Sunday 11 December 2016

Why tyres are the most likely items to contribute to a car accident

New study provides shocking insight, our Road Safety authority expert explains this week

Published 06/04/2016 | 02:30

A new study has found that defective tyres were a big factor in single vehicle crashes. Stock Image
A new study has found that defective tyres were a big factor in single vehicle crashes. Stock Image

I just didn't like the look of one of the front tyres. They looked under-inflated. So I stopped at the local garage to check the pressure on them all. I check them about once a month, which is the recommendation. The pressure was just a couple of psi out but one of the rear tyres was down to 26 psi; it should be 32.

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There was a lady parked beside me. The tyres on her car looked really under-inflated. I offered to check them. She declined the offer. Maybe she thought I was a weirdo or didn't think it was worth the effort. If it's the latter, it's really symptomatic of the public's attitude to tyres. Our own studies show that people know that they should check them regularly, and know how to check them, but very few do.

This is hopefully about to change. The RSA recently published a report on the role vehicle factors play in fatal road crashes. It makes for disturbing reading. 'Pre-Crash Report on Vehicle Factors in Fatal Collisions', was produced by analysing data from detailed 'Forensic Collision Investigations' conducted by An Garda Síochána between 2008 and 2012. These reports differ from the initial on-scene preliminary investigation carried out in the immediate aftermath of a crash which form the basis of our annual crash reports.

Forensic reports are much more detailed and can take years to complete. They examine the circumstances and factors contributing to these collisions and record where vehicle factors are listed as a contributory factor in the Investigation files by the gardai. These factors include the condition of tyres, brakes, lights, steering etc.

Of the 867 collisions analysed, 858 involved a motor vehicle. In total 101 or 12pc of fatal collisions were identified as having a vehicle factor which contributed to the collision. These may not have been the sole cause of the collision, but may have contributed in full or part to the outcome in combination with speed, alcohol etc.

Tyres were the number one vehicle factor. They were a known contributory factor in 8pc of all collisions involving a vehicle.

When you look at the factors as a whole, the condition of tyres accounted for almost two thirds (64.1pc) of the 101 collisions where a vehicle factor was cited as contributing.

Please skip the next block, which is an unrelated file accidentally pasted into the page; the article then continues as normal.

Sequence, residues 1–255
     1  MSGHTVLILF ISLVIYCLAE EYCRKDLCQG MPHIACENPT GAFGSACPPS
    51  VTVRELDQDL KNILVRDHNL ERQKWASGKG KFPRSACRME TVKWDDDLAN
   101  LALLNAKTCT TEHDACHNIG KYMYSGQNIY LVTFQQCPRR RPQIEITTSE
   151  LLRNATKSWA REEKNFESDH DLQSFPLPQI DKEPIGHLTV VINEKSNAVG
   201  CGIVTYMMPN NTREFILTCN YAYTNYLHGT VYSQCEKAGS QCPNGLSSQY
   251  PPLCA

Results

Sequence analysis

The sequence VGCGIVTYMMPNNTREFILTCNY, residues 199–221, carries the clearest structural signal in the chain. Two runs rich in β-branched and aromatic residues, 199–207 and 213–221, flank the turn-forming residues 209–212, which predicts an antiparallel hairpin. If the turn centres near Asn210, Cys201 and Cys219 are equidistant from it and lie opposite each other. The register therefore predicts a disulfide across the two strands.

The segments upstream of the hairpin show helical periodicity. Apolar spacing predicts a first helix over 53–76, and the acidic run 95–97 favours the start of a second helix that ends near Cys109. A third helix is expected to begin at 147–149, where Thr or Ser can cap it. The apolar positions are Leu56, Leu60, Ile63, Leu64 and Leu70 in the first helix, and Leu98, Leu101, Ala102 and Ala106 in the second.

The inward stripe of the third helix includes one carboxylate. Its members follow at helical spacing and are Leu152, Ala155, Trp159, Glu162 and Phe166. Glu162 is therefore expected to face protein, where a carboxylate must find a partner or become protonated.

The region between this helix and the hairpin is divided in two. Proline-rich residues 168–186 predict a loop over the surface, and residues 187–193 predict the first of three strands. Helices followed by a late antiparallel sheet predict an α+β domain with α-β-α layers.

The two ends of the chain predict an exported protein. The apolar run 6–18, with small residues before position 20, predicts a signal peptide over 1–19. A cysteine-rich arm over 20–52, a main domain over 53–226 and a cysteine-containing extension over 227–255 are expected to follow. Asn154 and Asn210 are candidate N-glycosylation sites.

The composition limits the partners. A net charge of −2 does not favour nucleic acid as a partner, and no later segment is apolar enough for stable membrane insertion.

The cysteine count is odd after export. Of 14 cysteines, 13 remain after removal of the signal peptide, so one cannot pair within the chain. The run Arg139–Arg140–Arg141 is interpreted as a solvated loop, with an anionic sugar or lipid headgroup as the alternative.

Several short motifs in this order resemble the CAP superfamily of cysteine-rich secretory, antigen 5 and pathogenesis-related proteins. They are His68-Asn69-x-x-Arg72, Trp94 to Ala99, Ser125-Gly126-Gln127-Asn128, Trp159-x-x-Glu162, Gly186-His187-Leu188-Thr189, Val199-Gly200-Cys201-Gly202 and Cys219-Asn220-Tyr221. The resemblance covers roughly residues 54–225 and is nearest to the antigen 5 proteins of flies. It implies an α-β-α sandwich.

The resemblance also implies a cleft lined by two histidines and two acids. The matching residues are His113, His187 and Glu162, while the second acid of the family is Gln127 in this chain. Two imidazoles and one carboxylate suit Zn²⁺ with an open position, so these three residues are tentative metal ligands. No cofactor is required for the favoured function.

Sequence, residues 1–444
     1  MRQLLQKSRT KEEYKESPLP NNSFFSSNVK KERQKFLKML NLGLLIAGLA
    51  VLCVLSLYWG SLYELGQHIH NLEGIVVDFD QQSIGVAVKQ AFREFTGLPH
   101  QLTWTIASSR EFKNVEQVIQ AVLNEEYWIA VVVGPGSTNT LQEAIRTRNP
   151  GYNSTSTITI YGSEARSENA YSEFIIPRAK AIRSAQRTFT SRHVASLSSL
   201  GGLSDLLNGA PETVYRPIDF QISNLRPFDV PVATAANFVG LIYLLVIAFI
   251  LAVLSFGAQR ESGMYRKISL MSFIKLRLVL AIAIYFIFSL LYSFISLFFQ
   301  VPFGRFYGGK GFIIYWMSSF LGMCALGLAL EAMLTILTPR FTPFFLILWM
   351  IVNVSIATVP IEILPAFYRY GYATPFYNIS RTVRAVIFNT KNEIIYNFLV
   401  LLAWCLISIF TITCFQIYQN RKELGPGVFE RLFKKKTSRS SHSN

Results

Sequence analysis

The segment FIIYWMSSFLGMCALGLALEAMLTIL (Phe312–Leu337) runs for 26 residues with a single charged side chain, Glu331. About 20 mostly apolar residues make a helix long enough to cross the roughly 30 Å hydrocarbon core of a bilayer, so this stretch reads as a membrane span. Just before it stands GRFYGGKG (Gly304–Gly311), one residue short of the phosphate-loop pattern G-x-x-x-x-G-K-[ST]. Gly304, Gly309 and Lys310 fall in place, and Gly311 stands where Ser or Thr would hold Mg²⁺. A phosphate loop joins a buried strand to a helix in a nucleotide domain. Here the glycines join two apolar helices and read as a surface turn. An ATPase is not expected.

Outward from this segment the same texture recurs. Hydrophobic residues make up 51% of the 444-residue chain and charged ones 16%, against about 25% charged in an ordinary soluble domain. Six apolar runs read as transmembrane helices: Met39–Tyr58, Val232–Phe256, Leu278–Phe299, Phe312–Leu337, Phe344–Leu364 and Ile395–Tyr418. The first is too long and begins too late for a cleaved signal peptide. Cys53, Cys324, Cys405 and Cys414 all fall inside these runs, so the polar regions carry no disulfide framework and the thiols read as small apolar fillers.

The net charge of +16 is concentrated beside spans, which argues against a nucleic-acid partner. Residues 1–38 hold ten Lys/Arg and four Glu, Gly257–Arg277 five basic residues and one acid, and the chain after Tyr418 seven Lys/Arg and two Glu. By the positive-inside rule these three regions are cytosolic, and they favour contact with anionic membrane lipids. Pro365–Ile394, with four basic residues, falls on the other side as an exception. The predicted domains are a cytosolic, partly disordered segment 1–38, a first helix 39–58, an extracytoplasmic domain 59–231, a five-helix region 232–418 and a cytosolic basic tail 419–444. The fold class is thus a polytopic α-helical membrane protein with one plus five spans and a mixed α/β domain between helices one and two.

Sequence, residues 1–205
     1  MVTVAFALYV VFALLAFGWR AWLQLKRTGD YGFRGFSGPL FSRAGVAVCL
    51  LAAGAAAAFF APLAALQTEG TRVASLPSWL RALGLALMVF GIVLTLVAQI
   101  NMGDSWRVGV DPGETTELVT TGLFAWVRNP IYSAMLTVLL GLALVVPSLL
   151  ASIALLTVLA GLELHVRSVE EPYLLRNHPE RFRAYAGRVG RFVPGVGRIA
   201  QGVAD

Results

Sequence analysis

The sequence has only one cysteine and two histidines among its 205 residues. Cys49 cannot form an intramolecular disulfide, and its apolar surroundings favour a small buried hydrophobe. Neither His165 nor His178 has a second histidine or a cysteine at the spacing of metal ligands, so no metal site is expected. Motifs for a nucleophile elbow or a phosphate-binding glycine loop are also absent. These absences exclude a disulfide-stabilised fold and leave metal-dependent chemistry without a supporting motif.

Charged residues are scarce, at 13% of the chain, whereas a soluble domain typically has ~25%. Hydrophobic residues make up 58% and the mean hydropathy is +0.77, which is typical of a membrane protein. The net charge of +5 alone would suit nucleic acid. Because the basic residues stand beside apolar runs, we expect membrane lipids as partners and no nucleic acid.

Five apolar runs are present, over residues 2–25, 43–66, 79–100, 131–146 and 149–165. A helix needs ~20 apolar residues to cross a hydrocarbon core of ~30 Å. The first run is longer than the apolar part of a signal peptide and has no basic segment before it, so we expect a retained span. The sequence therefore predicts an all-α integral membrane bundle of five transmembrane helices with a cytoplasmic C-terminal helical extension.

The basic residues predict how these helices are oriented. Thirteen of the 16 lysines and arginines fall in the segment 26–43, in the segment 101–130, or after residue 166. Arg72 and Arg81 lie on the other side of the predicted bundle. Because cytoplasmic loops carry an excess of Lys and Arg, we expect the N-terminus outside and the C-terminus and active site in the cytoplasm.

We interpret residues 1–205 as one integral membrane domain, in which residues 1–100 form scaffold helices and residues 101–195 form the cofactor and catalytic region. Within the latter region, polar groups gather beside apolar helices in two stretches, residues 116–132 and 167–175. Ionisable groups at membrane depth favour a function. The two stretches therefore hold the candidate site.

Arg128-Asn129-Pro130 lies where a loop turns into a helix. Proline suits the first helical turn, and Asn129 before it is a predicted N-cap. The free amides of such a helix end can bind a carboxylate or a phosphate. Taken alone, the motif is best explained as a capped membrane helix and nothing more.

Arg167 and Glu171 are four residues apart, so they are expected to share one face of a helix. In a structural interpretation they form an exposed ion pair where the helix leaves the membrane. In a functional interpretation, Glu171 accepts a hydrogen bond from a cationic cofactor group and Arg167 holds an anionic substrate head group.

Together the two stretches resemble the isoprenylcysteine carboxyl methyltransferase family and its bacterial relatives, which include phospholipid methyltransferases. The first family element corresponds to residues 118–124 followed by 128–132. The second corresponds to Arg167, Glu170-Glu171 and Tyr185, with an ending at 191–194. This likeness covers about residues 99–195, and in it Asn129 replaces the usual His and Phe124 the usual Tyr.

Defective tyres were a big factor in single vehicle crashes (74.1pc) when compared with multiple vehicle crashes (57.6pc).

More than half of the tyres were excessively/dangerously worn and 10pc were underinflated, some dangerously low. About 6pc comprised a combination of excessively worn, under-inflated, wrong size or fitted in the wrong direction.

The county with the largest proportion of defective tyres was Donegal (18.2pc), followed by Cork, Kerry and Wexford (9.1pc each). Losing control on a bend on a regional road and on a road surface that was dry at the time were typical scenarios.

In all, 111 people lost their lives and 30 were seriously injured in collisions where vehicle defects were a contributory factor. This may not have been the sole cause of the collision, but this fact in combination with other pre-crash behaviours such as alcohol, speed etc. resulted in these deaths.

Of the 111, 71 people were killed and 19 were seriously injured in a collision where a vehicle had defective tyres as a contributory factor. A further 18 people were killed and six were seriously injured in a collision where a vehicle had defective brakes. Again, this may not have been the sole contributing factor to the collision but may have had an impact on the outcome.

There is no component in your car that's as likely to contribute to a crash as your tyres.

The reason for this is that tyres simply aren't on the radar. You never think about them until you need to. It's time to take tyre safety more seriously.

You need to think about what a worn tyre might cost you. What you might lose when your tyres lose grip with the road.

As a result of this research the RSA have embarked on a major tyre awareness and safety campaign this week. The message is simple.

When your tyres lose grip, you lose everything. Check yours regularly.

Indo Motoring

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